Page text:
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Victoria Road, Lilydale

Home > Melbourne > Free | Outdoor | Walks
by Neil Follett (subscribe)
I'm a retired photographer living in Lilydale mainly researching and writing on Australian aviation history. Now writing more on general subjects.
Published July 21st 2021
Don't let the scarecrows scare you
Victoria Road is 8 kms in length but I am concentrating on the first 1.8 kms, which is residential development finishing at Switchback Road. The other 6.2 kms is all semi-rural.

Victoria road
Victoria Road heading for the country.

It is a road with a split personality. The east side is in Lilydale, while the west side is designated Chirnside Park.

Victoria road
Many undulations.

Victoria Road begins at the Maroondah Highway intersection which is where the O'Tree Restaurant is. Its name comes from the huge oak tree that dominates the outdoor area. I would rate it excellent, based on my four dining experiences there.

O'Tree restaurant
O'Tree restaurant front entrance.

It is a straight road but is quite hilly and gives some nice distant views from elevated sections.

distant mountains.
Mt. Dandenong can be seen from the high spots.

The gardens provide a large range of flora with no species dominating. Many camellias were blossoming, as were some yellow daisies.

camelia & daisies
Pink and yellow.

An interesting 'tableau' was several fallen camellia flowers sitting atop a brick fence with an Azalea bush intruding.

Camellia & azalea
Camellia flowers and azalea.

Being a lengthy road many birds were seen. A magpie and a corella were caught perching in separate deciduous trees, making them easy to see. Another magpie was seen looking for lunch on a lawn.

corella & magpie
Corella and magpie, easily seen.


magpie in grass.
"I think I see lunch."

Several birds of a different feather were seen, if you call a bird of paradise flower having feathers.

Bird of paradise
They could be feathers.

Garden ornaments, particular bird baths are popular with several seen as well as a fountain, gnome and a goose.

garden ornaments.
These are always interesting.

A pair of lions stood guard atop opposite gate posts at the entrance of one house.

Lions.
Standing guard.

Lots of people were out and about. Victoria Road is very busy but footpaths on both sides make walking safe.

very busy road.
Very busy.


Walkers
Coming and going.


Walkers
Walkers under a heavy sky.

Victoria Road Primary School is establishing a garden, complete with scarecrows. They must be effective as not one crow was seen during my walk.

scarecrows.
Keeping watch.

An unusual flower seen was a Queen's Tears with some nice colourings. A number of poker like flowers were seen on a large succulent plant.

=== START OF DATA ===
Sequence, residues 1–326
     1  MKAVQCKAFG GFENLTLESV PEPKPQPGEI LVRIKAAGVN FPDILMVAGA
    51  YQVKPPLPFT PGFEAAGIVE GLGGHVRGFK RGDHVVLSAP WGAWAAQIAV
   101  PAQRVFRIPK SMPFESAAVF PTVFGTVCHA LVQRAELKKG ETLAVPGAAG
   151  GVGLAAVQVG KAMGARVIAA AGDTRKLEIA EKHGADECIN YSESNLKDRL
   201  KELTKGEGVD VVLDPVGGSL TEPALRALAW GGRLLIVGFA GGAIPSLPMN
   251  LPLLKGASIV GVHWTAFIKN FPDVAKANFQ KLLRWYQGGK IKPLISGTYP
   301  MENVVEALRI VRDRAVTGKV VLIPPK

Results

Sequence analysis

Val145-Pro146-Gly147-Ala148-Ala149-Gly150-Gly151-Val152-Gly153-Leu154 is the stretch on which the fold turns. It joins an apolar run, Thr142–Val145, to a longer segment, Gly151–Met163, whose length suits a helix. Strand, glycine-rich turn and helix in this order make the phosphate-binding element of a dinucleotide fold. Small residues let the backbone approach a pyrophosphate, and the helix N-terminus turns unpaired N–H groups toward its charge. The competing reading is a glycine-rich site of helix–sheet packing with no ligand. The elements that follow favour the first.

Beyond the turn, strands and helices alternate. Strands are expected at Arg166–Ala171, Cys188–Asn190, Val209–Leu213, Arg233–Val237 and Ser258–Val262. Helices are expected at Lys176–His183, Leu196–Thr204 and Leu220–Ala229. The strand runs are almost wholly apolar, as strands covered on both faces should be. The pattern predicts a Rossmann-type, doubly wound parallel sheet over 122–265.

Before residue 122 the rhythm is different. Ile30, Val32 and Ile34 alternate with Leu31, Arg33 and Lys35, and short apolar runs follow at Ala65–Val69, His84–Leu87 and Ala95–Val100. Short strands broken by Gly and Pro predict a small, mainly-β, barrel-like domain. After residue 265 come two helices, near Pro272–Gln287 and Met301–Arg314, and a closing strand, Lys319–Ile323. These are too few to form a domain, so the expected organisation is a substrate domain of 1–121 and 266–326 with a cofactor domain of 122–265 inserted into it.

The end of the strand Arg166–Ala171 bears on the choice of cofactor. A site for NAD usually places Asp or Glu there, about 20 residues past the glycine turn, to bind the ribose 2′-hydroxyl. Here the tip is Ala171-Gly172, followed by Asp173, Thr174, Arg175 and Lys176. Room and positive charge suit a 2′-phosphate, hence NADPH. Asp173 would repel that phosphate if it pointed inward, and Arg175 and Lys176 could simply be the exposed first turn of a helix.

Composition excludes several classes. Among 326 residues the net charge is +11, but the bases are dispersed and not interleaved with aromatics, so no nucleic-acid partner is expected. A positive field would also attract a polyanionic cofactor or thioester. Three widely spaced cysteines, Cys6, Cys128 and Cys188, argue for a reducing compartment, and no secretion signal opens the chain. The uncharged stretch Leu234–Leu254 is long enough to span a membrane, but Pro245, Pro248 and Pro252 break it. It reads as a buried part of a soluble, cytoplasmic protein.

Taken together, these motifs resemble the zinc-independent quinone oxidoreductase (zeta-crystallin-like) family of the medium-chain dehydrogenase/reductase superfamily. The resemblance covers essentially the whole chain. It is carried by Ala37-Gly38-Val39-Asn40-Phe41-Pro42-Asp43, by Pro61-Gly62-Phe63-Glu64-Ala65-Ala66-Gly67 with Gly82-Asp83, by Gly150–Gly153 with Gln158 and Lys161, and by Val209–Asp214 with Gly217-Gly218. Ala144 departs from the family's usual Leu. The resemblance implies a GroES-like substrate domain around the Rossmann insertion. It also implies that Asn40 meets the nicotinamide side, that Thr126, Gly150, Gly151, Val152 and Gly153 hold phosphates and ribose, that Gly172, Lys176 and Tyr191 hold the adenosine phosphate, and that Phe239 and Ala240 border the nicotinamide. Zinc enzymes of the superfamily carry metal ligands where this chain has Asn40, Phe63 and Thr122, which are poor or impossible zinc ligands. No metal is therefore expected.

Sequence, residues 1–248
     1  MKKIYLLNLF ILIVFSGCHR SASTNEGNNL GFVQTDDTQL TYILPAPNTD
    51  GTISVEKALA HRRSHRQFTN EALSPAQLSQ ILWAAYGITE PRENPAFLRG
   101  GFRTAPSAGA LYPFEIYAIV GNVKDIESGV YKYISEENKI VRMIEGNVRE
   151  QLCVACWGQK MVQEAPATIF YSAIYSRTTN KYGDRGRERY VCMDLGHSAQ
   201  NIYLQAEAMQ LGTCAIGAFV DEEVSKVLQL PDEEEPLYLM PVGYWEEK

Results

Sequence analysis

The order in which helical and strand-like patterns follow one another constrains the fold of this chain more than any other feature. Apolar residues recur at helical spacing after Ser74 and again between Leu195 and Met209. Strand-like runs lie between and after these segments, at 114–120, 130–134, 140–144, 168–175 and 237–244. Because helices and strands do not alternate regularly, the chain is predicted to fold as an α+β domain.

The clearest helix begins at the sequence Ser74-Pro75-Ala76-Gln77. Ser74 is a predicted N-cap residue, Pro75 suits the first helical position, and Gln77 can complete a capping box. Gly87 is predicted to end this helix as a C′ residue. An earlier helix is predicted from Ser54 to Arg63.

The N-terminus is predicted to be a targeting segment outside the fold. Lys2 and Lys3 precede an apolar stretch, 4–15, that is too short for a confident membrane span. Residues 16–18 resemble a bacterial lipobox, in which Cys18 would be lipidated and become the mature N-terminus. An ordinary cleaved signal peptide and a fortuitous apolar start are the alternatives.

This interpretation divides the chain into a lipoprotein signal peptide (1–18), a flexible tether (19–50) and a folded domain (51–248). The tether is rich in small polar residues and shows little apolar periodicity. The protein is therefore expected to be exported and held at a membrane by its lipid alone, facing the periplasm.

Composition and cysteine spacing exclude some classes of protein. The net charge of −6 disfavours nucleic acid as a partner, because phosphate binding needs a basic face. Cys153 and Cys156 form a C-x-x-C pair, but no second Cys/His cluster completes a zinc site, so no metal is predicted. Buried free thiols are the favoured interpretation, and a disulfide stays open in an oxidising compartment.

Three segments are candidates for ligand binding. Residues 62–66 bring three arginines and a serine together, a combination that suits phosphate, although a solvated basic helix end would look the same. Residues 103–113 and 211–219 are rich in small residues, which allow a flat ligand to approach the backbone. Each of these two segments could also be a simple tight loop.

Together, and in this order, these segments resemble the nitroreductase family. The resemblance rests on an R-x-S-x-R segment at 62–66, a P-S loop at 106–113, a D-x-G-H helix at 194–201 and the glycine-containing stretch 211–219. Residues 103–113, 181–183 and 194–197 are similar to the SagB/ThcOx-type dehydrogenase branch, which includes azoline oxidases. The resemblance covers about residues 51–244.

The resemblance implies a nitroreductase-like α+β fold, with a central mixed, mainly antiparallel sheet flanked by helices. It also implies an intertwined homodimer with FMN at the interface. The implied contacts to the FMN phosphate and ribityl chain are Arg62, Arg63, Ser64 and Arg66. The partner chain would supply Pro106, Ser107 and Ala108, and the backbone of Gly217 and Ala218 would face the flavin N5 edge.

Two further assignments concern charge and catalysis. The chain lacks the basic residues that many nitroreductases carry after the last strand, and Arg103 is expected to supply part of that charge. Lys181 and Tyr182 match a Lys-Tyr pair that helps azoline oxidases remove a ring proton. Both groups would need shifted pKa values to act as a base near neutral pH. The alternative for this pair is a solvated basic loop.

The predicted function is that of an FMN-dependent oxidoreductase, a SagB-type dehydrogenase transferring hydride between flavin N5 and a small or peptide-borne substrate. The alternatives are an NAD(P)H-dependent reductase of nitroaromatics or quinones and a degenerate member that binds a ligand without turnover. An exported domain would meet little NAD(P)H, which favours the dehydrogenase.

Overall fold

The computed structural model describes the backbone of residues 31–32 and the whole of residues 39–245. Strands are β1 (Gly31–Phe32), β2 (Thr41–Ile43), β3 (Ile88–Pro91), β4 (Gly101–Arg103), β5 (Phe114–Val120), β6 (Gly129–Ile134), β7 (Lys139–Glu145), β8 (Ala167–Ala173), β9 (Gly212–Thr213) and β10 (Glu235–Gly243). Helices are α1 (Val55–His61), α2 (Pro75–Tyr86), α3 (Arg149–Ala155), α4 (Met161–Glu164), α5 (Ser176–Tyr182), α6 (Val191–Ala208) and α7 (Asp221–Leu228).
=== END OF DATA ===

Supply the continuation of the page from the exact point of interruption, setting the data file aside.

Queens tears.
Queens Tears.


poker flowers
There were many of these.

An older house sported a lychgate in a picket fence. Several other properties had picket fences adding a nostalgic dimension to the walk.

Lych gate & picket fence.
Lych gate & picket fences.


walker & picket fence.
Promenading past the pickets.

Nearing the end of my walk a number of noisy miners were living up to their name chasing each other and briefly landing on overhead wires and fences. They were fascinating to watch and photograph.

noisy miners in flight and perching.
Noisy miners in flight and perching


noisy miners
Having a rest

A couple of crested pigeons and Indian mynas were seen on roofs, their body language giving clues to their behaviour. A crimson rosella was also sighted.

pigeons.
Two crested pigeons either courting or sending a message to your WeekendNotes photographer.


Indian mynas
Not speaking.

Several magnificent Magnolia trees were observed, both in the distance or close up. Several Aloe plants were in flower as were many Hebe bushes.

Magnolias.
Magnolias.


Aloe flowers and hebe bush.
Aloe flowers and hebe bush.

A very colourful Iris contrasted to the stark colour of several lilies.

iris
Iris flower.


lilies.
Two lilies.

Near the end of the residential section, on the Nelson Road corner is the Lilydale Lawn Cemetery, established in the 1880s. While cemeteries are not on everyone's bucket list (unless you kick one) they are fascinating places to wander around reading some of the headstones. Probably the most interesting and historic grave is that of Dame Nellie Melba who died in 1931. Inside the gates is a map of where 26 historic graves are located. Take a photo on your phone to guide you around.

Cemetery map.
Cemetery map.

This is a great walk proving good exercise up and down the undulations and lots of flowers and birds to increase your enjoyment.

road sign
Worth finding.
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Why? A lot to see and good exercise.
When: anytime
Where: Victoria road, Lilydale. Melways map: 38. B.5.
Cost: Free
Your Comment
A fun article as well as a bit of a masterclass in photography - thanks for sharing.
by T. A. Rose (score: 2|503) 66 days ago
I love your comment that it's a "road with a split personality."
by Gayle Beveridge (score: 3|9023) 65 days ago
Ahh nice.
by 23and (score: 1|28) 66 days ago
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